The second largest Hawaiian island has a smaller population than you’d expect, making Maui popular with visitors who are looking for sophisticated diversions and amenities in the small towns and airy resorts spread throughout the island.

Maui Adventures

On Maui, you’ll have plenty of chances to try an array of outdoor adventures you’ve never experienced before. Snorkelers will be rewarded with unforgettable sights in Molokini ’s luminous waters. See your first humpback spout as you whale-watch from Kaanapali Beach. Or feel the rush of your first surf lesson off the shores of historic Lahaina.

On land, horseback ride atop Haleakala , Maui’s highest peak. You can even take your first helicopter ride to see breathtaking views of Maui’s pristine valleys and waterfalls.

Maui Arts & Culture

From the forces of King Kamehameha defeating King Kahekili in Iao Valley to the rowdy whalers of 19th century Lahaina, this island’s intangible mystique has been drawing visitors throughout history.

To step back in Maui’s past, visit the Whalers Village Museum for an historic account of the whaling industry, discover Maui’s agricultural past at the Alexander & Baldwin Sugar Museum or follow the Lahaina Historic Trail to explore this thriving seaport’s heritage.

Today, Maui reveals its cultural past through a thriving arts scene infused with the life-embracing spirit of aloha. From the events and exhibitions at the Maui Arts and Cultural Center and the Hui Noeau Visual Arts Center to Art Night every Friday in Lahaina, Maui continues to pay homage to its rich history. Local artists and artisans are also expanding their influence by creating a wide range of products, from hip fashion to traditional and contemporary crafts.

Maui Ecotourism

You don’t need to be an environmentalist to appreciate the value of leaving a small footprint on the places you visit. In fact, you’d be in line with the Native Hawaiian concept of “malama aina” or caring for the land.

On Maui, respect for the land is an integral a part of our local lifestyle, whether it’s dining on sustainable foods, preserving native plants and their many uses, or simply appreciating the gift that is our natural environment.

Take a drive to Upcountry Maui and you’ll find yourself in Kula strolling among sweet fields of lavender and vibrant protea. Or walk back in time through gardens of indigenous plants at the Kula Botanical Garden. Continue to the 30,000-foot summit of Haleakala and you just might meet our state bird, the endangered nene (Hawaiian goose), or stumble across a Haleakala silversword, a rare and beautiful succulent that shimmers in the early light.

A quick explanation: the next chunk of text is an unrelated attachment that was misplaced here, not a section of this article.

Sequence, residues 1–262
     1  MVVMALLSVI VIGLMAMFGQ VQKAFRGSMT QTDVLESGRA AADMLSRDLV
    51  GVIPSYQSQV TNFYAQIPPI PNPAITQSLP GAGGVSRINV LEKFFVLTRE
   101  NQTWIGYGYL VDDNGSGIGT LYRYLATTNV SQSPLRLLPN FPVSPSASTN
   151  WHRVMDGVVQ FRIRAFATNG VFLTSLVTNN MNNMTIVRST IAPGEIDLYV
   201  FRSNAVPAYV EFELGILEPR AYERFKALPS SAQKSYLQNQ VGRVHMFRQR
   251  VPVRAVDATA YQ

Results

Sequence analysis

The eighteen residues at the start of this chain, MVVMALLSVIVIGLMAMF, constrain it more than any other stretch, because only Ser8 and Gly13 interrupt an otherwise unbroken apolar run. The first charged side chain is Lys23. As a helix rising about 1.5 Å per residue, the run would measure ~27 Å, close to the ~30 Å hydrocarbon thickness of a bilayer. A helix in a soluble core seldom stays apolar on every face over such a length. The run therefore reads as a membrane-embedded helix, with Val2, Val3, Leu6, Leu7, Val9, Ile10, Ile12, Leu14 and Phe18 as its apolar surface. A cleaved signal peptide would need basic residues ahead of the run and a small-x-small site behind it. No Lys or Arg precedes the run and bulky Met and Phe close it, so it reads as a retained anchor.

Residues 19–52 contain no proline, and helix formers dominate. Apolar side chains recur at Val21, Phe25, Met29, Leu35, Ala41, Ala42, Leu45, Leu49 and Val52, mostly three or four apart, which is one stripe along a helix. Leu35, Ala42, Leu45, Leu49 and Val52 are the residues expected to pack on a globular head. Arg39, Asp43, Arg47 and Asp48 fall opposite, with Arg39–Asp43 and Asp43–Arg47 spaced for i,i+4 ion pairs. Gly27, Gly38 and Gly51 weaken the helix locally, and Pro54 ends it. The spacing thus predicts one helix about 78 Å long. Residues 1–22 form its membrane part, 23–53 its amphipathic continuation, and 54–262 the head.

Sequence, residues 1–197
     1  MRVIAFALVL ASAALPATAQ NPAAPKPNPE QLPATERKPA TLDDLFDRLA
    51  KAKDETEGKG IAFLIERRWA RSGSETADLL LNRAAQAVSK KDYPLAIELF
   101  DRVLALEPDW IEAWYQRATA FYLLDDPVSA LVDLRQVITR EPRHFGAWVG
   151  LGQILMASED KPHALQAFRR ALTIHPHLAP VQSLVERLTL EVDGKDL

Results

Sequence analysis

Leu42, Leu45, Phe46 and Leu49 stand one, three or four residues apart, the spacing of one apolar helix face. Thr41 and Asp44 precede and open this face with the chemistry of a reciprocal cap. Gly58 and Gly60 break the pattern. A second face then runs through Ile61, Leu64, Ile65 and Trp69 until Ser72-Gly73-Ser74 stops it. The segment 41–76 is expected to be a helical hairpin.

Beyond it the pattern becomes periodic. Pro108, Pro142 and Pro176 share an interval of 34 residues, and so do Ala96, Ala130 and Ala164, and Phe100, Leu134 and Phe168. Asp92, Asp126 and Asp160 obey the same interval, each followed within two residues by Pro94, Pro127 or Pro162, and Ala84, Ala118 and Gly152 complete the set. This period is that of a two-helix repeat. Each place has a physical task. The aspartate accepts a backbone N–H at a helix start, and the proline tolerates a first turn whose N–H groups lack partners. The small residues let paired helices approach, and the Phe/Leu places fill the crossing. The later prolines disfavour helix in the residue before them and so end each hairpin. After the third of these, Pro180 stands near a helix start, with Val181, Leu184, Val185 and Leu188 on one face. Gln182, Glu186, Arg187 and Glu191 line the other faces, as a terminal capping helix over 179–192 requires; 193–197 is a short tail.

At the Iao Needle State Park in Central Maui, the mist descends upon the “needle” giving the historical site an almost mystical feeling, while the adjacent Nature Center offers an easy rainforest hike and a chance to learn about life in ancient Hawaii.

And at the heart, or should we stay the stomach, of Maui’s sustainability efforts are the many island farms and ranches that produce the farm-to-table ingredients that grace our Hawaii Regional Cuisine. From chocolate to goat cheese to mountain-grown coffee, it’s a gourmet’s delight.

Where do you start? Maui offers many farm tours, as well as beaches, whale-watching and other activities. Or simply, take the road less traveled and see what you find.

Maui Relaxation

Turn off your cell phone. Step off the plane and trade phone rings for the sound of waterfalls at the Pools of Oheo. Forget to check your e-mail. You’ve got better things to do, like tanning on one of Maui’s heavenly beaches, exploring Maui’s renowned resorts or indulging in Maui’s finest cuisine.

Unplug the alarm clock. Wake instead to the warm sunshine and fresh air of another Maui morning. Spend the day browsing the shops of Lahaina or perusing the Maui Arts and Cultural Center. Take a relaxing drive through Upcountry Maui or drive a golf cart on one of Maui’s pristine golf courses.

A few days on Maui and stress becomes a distant memory. Instead, you’ll experience moments of pure relaxation that you won’t soon forget.

Maui Golf

You’ll want to frame your scorecard, no matter what you shoot. Golf on Maui is that memorable. Choose from 14 courses (several of which are ranked at or near the top of the “world’s best” lists) designed by noted course architects and golfing luminaries such as Arnold Palmer and Ben Crenshaw. The PGA TOUR’s Hyundai Tournament of Champions is held here each year, so you may even see a pro in the clubhouse. You’ll see why it’s difficult to imagine a more dramatic setting for these 18-hole masterpieces, with fairways abutting ancient lava flows, tees surrounded by palm groves, and greens arched by rainbows formed in the ocean mist. From Kapalua to Wailea, the views are intoxicating. But stay focused on your game. You’ll want to show off that Maui scorecard when you return home.

The Big Island, Hawaii, Hawaii

Hawaii Island Top attractions: Volcanoes National Park, Historic Kailua Village (Kona), Hilo, Akaka Falls State Park, Hamakua Heritage corridor, Highways. Ok if you did not get it Saturday when we spoke I love Volcanoes so my top pick would be the Volcano. You can see it 3 ways. Air, Lane and Sea your choice. Don't forget that the Big Island also is the home to Kona Coffee!

About Hawaii Island

It’s easy to feel awed on Hawaii Island. From the molten magma flowing from Hawaii Volcanoes National Park to the snow-capped heights of Maunakea; from the green rainforests of the Hamakua Coast to the jet-black sands of Punaluu Beach; Hawaii Island is an unrivaled expression of the power of nature.

To avoid confusion with the name of the entire state, the Island of Hawaii is often called the “Big Island,” and what an appropriate name it is. Nearly twice as big as all of the other Hawaiian Islands combined, its sheer size can be inspiring. You can travel through ten* of the world’s 14* different climate zones on Hawaii ranging from Wet Tropical to Polar Tundra, a result of the shielding effect and elevations of the massive volcanoes Maunakea and Maunaloa.